We began reaching into the buckets, some cold, some hot, and deduced that the buckets were colour-coded for water temperature. Bathers are meant to start with hot water, and finish with a cool rinse. After a couple of minutes, I felt a woman to my left tug on my arm, and motion for me to take off my bathing suit top. I can’t do that, I thought. I just met these girls on my tour, and it would be awkward. But she wasn’t taking no for an answer, so I submitted, and removed my bikini top with a swift elbow to my friend Allison’s ribs, encouraging her to do the same. The woman looked pleased.
At that point, the first “masseuse” walked in, and made a bee-line in my direction. What happened next is a bit of a blur — literally, since it was hard to see through the combination of steam, soap in my eyes, and having my face smooshed into the floor. By the way, this is where the floor mat comes in handy. The physical sensations were significant enough that I later wrote home about them.
Lesson 3: Brace yourself
The masseuse put my scrub glove over one hand, grabbed my wrist with her other, and proceeded to scrub off what felt like the top five layers of my skin, twisting me into a pretzel on the floor as she went along to get the hard-to-reach spots. I remember lying on my back, squished in between Allison, the wall, my masseuse, a couple of buckets, and a little girl washing her doll’s hair, thinking, “How do I always get myself into these types of situations?” The rest of my group observed wide-eyed, with a healthy dose of apprehension. But one by one, the rest of my group got plucked from the wall, de-suited, and given the same rejuvenating treatment.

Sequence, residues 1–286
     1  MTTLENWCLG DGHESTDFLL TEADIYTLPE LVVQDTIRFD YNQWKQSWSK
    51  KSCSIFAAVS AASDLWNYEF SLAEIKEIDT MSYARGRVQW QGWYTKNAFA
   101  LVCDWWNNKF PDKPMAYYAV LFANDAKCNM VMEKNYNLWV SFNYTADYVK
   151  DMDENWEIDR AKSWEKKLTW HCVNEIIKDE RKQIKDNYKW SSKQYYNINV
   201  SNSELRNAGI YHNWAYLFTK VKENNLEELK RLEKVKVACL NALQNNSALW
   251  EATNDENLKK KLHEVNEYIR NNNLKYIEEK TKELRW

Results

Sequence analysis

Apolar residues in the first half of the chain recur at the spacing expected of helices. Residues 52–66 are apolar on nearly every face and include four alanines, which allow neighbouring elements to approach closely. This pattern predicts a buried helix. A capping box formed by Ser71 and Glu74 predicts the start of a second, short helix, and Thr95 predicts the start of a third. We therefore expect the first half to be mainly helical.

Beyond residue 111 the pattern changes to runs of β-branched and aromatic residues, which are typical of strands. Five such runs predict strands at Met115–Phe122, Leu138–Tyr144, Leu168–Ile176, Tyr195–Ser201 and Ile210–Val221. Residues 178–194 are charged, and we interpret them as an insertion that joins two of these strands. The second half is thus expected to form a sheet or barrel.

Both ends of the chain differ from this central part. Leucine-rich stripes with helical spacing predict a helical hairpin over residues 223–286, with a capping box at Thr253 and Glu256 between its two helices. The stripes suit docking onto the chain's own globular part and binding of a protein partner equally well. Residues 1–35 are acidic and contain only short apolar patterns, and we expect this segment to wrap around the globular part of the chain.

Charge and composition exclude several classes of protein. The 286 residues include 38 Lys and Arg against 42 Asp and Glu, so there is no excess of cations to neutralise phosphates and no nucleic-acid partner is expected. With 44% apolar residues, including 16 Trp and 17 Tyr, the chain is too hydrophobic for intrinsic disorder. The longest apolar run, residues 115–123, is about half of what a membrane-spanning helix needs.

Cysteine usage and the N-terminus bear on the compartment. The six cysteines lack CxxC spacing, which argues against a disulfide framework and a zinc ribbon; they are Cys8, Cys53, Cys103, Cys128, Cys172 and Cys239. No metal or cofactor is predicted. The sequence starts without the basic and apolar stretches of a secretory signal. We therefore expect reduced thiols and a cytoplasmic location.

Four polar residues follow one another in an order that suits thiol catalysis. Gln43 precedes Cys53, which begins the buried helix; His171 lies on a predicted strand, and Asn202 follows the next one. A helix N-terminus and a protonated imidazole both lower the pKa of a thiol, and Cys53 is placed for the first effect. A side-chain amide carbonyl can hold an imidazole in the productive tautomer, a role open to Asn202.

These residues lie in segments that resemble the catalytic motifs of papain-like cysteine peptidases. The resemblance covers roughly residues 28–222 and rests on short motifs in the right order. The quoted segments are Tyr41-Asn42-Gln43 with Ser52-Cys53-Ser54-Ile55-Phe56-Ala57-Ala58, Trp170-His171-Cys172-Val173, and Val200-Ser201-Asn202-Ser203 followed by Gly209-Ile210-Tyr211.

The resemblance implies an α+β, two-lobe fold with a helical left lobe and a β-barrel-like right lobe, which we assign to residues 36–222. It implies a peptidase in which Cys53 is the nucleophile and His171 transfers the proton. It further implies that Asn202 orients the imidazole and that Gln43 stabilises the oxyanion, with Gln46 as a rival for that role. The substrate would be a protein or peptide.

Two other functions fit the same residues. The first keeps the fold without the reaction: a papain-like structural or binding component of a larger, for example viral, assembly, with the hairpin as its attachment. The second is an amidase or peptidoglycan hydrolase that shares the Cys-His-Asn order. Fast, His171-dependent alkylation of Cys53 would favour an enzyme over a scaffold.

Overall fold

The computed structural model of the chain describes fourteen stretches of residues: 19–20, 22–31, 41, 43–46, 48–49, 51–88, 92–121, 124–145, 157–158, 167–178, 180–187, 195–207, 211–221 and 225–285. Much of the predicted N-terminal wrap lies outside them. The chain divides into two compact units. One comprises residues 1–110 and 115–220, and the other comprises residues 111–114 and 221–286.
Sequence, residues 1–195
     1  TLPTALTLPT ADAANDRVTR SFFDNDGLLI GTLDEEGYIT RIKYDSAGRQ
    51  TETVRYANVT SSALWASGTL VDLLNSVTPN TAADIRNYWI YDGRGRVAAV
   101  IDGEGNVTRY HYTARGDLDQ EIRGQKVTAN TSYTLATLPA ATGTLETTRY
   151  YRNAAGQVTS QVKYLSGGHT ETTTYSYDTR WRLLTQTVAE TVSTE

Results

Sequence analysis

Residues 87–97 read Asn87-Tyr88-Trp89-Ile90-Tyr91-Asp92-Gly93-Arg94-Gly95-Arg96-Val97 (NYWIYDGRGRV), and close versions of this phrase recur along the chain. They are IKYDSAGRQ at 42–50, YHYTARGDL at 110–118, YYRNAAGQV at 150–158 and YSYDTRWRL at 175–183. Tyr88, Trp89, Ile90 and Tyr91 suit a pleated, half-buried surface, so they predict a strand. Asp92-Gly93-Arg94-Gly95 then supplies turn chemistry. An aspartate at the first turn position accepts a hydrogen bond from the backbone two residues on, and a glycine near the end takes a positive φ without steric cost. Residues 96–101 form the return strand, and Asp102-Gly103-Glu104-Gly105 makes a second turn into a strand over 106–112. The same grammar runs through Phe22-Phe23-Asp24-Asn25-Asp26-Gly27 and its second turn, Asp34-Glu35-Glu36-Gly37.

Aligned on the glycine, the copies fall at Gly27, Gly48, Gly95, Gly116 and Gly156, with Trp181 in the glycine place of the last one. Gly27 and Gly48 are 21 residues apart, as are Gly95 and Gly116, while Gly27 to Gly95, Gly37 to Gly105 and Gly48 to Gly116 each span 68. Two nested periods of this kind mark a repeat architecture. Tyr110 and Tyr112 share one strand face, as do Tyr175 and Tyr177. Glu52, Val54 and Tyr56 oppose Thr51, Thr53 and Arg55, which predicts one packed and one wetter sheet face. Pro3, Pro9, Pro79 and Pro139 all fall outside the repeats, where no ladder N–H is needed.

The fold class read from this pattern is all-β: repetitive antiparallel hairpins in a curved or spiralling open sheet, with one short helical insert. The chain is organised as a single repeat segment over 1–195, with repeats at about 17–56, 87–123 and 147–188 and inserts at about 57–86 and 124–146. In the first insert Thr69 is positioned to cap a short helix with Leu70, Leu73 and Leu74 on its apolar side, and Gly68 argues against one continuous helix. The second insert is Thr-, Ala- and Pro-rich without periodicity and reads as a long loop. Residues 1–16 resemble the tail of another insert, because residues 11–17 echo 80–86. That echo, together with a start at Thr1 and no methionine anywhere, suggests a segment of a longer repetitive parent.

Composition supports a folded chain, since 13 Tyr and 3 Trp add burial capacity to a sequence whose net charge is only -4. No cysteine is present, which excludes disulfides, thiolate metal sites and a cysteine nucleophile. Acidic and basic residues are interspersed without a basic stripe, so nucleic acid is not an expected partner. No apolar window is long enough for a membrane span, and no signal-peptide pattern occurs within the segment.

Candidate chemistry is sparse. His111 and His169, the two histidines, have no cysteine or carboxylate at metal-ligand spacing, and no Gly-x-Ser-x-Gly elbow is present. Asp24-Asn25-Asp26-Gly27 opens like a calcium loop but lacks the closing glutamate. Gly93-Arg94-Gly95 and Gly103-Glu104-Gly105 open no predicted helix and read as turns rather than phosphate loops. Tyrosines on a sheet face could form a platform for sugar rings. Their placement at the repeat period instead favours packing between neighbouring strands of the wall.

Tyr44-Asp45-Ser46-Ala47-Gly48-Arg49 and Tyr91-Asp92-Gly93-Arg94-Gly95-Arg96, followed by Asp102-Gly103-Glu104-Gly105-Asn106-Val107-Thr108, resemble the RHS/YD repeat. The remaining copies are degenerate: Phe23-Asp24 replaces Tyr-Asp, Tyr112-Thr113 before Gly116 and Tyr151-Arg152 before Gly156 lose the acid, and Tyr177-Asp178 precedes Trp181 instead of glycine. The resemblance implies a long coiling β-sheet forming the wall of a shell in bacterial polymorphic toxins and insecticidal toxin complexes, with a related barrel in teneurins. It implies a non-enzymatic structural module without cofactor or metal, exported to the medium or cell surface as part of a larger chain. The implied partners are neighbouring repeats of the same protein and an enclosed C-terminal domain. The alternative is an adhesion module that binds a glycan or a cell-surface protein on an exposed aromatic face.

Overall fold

Lesson 4: Relax and have a chat
Flexibility fully tested and three pounds of skin lighter, I resumed my place on the wall. Trying to rebalance my mental state, I turned to the woman who I encountered earlier, who met my glance with a warm smile and gestured for me to join her. I did, and she turned around and requested in English that I help wash her back. As I scrubbed, we chatted about her sister, who lived in Montreal, her babies, my boyfriend, our jobs, and how often she visits the hammam. We continued our conversation face to face, and she would intermittently launch the bucket water at my face, mid-sentence.
Despite feeling protective over the few layers of skin that I had left, I agreed when she offered to wash my back. This new position allowed me to help the young girl beside me wash her doll’s hair, and to observe the women around me, lathering up and sharing a laugh with their neighbours. I quickly learned that the hammam is first and foremost a social space, and I was happy and honoured to be a part of it.
Before I knew it, the group was filtering back out into the change room. I’m not sure if I felt like I was floating as I left due to my thinned epidermal layer, or the sheer elation at having one of the most sensational experiences of my life. Maybe it was a bit of both. I was sure, however, that this had been one of my most immersive travel experiences. I can’t wait to do it again.
Article originally published on September 13, 2017. Updated on April 15, 2021.